Examining Mantle Flow and Anisotropy under Southwest Alaska and Northwest Canada from Multi-layered Shear Wave Splitting

Wednesday, 17 December 2014
Ana Corbalan Castejon and Derek Schutt, Colorado State University, Geosciences, Fort Collins, CO, United States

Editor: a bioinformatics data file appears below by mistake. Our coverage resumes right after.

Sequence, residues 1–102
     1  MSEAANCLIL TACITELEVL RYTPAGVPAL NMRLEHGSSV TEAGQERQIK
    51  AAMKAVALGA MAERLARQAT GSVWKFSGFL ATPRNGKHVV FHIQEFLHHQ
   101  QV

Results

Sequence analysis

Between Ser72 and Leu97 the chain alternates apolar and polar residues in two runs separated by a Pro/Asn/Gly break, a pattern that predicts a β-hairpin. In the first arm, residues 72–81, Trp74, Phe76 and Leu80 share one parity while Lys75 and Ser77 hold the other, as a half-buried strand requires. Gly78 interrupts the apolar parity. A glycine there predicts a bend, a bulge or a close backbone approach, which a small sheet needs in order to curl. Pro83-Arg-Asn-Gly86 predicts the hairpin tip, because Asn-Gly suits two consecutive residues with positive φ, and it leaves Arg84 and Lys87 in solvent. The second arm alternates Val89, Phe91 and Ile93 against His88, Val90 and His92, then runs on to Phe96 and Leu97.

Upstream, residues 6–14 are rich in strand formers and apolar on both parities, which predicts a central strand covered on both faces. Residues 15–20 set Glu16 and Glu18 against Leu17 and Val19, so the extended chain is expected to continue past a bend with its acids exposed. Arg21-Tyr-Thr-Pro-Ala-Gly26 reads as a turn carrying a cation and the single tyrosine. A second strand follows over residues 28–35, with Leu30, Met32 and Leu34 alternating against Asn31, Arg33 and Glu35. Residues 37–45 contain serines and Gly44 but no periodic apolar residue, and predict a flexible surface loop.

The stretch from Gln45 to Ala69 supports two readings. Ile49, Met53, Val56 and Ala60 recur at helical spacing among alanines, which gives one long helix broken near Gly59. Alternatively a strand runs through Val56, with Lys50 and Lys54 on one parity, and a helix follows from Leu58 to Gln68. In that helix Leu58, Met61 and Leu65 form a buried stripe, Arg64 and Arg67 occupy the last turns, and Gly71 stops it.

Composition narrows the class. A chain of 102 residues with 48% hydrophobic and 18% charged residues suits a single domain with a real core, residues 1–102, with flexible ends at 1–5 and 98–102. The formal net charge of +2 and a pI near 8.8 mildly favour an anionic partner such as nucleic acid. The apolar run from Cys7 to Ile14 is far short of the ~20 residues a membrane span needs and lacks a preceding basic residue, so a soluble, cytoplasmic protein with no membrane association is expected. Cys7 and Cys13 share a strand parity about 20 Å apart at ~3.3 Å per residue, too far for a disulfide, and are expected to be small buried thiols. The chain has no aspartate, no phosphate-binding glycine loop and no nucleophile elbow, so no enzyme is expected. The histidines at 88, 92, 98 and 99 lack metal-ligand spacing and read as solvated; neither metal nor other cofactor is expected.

The complex tectonic setting created as the Pacific Plate subducts under Alaska and Canada, while the Yakutat terrane collides into the North America Plate, has been the focus of several careful seismic anisotropy studies (e.g. Christensen and Abers, 2010) in the last two decades. However, no study has focused on more than one layer of anisotropy when examining the seismic behavior in these areas. Given that mantle wedge flow may be different from sub-slab flow, it is worth constraining the anisotropy in this region in terms of multiple layers of potentially dipping anisotropy. Moreover, shear wave splitting patterns may give indications of the viscosity of the mantle wedge (Jadamec and Billen, 2012). In this study, the wealth of data collected over the last fifteen years will be used to constrain the orientations of multiple layers of anisostropy using the Cross-convolution method (Menke and Levin, 2003) combined with a new statistical approach that better quantifies confidence bounds in the presence of pre-SKS noise.